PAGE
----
Muddy or tight? B strings and low frequencies.

Discussion in 'Basses [BG]' started by Sequimite, Oct 16, 2012.

  1. I've noted the many threads in which the B string in particular and low notes in general are described as muddy and solutions are sought. I've wondered about disagreements over the same model bass and in general have assumed that getting a tight sound meant hearing less of the fundamental and more overtones.

    I'm reading "This Is Your Brain on Music" by Daniel Levitin. He writes, based on laboratory studies, that most people have difficulty hearing pitch definition below 55hz and above 2000hz.

    In the continuum of pitches there are tones too low to hear at all, tones we don't hear clearly, tones we hear clearly, higher tones we don't hear clearly and higher still tones we dont' hear at all. In addition, not all hearing is equal. Some may hear a 37hz D fairly clearly while to others it may sound muddy, despite accurate sound reproduction.

    Good read and a good reminder that when we have different opinions about a low note being muddy or clean it may be due to the end sound produced or it may be because of different abilities to hear the tone.
  2. Blue


    Jun 19, 2004
    Central NC
    Often I hear the really low notes (by others) as - apparently - below the reproduction frequency of the amp; the tone def' goes ... let's say different.

    That said - in the right song my dropped "D" can kick some arse ... maybe lower too, I just don't go there.
  3. AlexanderB


    Feb 25, 2007
    "Muddy" vs "Clear" tone in the lowest range is mainly a product of the harmonics' distribution. Below 100Hz the fundamentals gradually get duller and harder to discern pitch-wise.
    Different scale, design, materials etc will highly influence the balance of harmonics.
  4. khutch

    khutch Praise Harp

    Aug 20, 2011
    suburban Chicago
    I think there is a good deal of truth to this notion. A lot of what I read here on TB about low Bs makes no sense to me. I go to stores and play the same basses that others rave about or pan, sometimes consistently and sometimes with radical disagreements, and they all sound and play pretty much the same to me. When I go to online hearing tests that explore low frequency perception I usually get different results from the reported norm. So we don't all hear things the same way and some of our disagreements have to come down to this rather than to the inherent quality or lack thereof a given bass possesses.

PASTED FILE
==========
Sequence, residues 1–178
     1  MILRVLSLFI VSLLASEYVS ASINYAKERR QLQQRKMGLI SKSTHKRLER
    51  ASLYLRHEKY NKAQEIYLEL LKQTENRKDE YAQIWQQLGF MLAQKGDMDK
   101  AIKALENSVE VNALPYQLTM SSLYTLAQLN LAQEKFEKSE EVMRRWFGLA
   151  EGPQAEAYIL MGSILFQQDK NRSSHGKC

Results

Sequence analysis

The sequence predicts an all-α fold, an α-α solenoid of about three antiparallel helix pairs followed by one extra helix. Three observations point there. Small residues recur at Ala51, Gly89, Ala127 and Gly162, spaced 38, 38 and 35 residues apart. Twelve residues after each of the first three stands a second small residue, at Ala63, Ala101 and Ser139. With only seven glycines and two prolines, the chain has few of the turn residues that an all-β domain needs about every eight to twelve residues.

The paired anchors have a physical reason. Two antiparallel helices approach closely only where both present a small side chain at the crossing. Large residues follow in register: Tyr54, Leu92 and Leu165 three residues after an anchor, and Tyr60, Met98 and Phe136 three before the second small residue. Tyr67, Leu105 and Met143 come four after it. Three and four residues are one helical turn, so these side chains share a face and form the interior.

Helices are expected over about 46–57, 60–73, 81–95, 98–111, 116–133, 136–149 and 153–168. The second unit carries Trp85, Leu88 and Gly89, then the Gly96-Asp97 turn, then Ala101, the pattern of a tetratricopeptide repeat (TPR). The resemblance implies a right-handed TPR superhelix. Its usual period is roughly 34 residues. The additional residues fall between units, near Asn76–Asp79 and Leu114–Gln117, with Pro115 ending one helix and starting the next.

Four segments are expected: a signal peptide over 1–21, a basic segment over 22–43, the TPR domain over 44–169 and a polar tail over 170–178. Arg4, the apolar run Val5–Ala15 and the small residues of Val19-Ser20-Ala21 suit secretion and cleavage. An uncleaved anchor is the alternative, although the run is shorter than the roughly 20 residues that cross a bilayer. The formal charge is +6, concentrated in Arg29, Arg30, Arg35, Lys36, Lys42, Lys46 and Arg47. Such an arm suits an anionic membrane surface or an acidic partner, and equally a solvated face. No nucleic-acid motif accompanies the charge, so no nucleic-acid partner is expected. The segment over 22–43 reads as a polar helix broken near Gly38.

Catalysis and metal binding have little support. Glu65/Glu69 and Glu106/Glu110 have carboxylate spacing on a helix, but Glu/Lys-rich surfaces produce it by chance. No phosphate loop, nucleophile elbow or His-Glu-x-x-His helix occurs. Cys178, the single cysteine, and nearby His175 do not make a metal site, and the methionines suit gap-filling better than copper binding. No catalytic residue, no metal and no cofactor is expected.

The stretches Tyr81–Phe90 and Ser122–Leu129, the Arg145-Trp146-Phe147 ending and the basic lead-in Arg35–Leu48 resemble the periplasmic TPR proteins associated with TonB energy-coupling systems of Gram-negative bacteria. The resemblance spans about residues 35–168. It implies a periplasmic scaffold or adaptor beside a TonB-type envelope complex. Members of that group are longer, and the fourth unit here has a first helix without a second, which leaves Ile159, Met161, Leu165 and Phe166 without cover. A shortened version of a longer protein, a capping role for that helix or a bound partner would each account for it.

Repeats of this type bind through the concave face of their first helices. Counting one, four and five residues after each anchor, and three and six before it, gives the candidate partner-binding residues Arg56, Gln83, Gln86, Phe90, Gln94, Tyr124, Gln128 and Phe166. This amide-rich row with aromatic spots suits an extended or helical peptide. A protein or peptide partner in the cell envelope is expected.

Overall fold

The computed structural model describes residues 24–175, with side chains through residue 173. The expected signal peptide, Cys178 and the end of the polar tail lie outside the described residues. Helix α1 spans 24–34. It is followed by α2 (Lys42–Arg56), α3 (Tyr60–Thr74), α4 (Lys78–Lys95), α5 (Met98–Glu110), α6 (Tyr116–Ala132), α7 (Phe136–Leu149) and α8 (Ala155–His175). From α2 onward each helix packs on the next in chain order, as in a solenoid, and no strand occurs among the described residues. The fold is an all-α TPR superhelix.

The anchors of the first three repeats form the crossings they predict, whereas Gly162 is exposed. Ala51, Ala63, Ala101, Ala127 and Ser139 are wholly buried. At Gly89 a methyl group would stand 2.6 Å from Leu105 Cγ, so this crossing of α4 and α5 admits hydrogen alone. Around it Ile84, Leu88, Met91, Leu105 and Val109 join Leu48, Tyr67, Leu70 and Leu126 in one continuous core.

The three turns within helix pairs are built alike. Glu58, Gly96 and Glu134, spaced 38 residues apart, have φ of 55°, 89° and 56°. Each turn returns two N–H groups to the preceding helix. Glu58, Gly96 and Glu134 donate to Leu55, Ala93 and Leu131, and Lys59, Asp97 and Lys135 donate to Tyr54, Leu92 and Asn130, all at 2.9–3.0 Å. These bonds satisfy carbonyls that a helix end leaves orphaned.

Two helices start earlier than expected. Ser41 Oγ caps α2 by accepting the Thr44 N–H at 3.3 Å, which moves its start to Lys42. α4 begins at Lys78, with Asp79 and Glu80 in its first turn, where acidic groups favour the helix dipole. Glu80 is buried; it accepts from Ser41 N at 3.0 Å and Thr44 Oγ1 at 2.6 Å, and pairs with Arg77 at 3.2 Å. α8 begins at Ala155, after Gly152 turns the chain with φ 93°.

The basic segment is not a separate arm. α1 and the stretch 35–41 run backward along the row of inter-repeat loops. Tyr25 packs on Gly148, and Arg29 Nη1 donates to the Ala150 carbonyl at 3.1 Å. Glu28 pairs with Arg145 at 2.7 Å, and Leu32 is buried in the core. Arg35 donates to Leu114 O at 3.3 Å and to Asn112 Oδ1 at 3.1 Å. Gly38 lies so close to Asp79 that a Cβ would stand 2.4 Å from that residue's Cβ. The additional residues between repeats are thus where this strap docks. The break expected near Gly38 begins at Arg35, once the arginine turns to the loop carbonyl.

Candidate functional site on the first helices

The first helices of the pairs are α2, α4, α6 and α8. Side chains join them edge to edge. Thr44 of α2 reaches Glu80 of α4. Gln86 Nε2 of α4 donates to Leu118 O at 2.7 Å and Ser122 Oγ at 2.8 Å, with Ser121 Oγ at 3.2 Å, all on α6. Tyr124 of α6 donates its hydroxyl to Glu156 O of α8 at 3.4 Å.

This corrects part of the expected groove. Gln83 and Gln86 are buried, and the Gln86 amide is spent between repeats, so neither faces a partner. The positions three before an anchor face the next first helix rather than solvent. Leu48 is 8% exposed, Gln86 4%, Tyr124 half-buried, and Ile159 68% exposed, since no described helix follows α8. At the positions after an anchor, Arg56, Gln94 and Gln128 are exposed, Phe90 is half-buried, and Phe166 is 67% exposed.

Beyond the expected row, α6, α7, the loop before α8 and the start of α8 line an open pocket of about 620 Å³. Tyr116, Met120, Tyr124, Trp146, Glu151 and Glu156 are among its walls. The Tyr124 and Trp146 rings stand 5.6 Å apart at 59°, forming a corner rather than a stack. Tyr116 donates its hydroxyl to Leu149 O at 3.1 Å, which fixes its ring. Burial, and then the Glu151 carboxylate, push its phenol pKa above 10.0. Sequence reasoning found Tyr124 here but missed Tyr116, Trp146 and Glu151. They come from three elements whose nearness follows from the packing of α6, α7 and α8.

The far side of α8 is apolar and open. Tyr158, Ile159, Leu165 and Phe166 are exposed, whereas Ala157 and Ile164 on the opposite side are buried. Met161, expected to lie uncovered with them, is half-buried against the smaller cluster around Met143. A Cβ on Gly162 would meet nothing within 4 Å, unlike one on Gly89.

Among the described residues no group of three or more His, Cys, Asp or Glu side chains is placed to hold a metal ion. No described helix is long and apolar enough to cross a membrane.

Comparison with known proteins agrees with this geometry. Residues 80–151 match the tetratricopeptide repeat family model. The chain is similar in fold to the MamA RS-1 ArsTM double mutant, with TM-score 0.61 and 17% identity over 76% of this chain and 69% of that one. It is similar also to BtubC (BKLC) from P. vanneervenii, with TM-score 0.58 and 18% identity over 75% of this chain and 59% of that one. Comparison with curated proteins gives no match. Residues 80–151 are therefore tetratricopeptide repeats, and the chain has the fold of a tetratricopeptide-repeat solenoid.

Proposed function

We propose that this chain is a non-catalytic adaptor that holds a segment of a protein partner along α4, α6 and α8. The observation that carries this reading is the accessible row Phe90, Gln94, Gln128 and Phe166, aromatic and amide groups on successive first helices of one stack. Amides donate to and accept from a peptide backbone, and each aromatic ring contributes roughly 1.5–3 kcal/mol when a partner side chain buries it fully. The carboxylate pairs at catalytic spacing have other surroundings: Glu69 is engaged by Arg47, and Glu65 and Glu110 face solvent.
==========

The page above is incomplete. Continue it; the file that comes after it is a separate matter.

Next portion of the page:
5. Ric5

    Ric5 Supporting Member Commercial User

    Jan 29, 2008
    I convert 4 string Rickenbackers to 5 string basses.
    When I listen to old vinyl 45s and then listen to a modern song usually there is more bass and or low end on the modern music. Modern pa systems have sub-woofers then can reproduce frequencies that are below the human hearing range. Modern bass amps also have more low end than the old 60s bass amps.

    So modern bass players usually play with more bass on there bass guitar. But if you turn up the bass and also play a 5 string you end up with muddiness.

    The solution is to turn up mids. Many amps have a high mids and low mids dial. Also many modern basses with active electronics have one or 2 mid controls. Mids will give the bass definition and clarity and growl as well, and bass gives it the fullness it needs.

    As per a tight B string that is not floppy. That is more setup then EQ.
  6. pmad_bass


    Oct 24, 2004
    So here is a question…..and pardon my ignorance…but I have to wonder if there aren’t others out there that have the same thoughts/questions. Also pardon if this reiterates sentiments/observations that may have been made in previous posts (I didn’t find any on my initial search parameters).

    I imagine that while sales of 5 and 6 string basses may not have outpaced those traditional 4 string basses….there is obviously a large percentage of bassists opting to go the low B route. So if basses with a low B string are so prominent ….why do the specs on so many cabinets hover round the 40-thru-44 Hz range, rather than properly accommodating the 31 Hz of basses with low B strings?

    Replies to the question above may well answer my next question and that is, if a cabinet that is “rated” at….say 40Hz……what is happening to the other lower frequencies (40-thru-31)….or for that matter….what are those lower frequencies doing to the speaker? This question assumes that the bass settings on the amp and an active bass are set flat. I find that on most modern amps/speakers that I’ve tried….the speakers would likely be destroyed if the bass frequencies (on the amp or bass) were cranked and the volume was high….and that’s just on the E string.

    I’ve been thinking about getting a new amp/cabinet of some sort for a while….but have procrastinated. The Epifini AL 112 combo ‘looks’ very appealing…and though I’ve yet to see/hear one in person…the Epifini website lists the amps response as 20-hz-thru-25kHz, while the cabinet is rated at what might seem like a mere 44Hz (on the low side) thru 16kHz on the high side. Interesting to note that the specs listed on the AL 112’s tone controls state: “Bass- Shelving + 22db @ 40 Hz.” Is there some sort of disparity with having a tone control on a combo amp that would appear to deliver more than what the speaker can accommodate?
  7. pmad_bass


    Oct 24, 2004
    My post above may be dove tailing more into the Amps section. Will give it a while and then perhaps post there.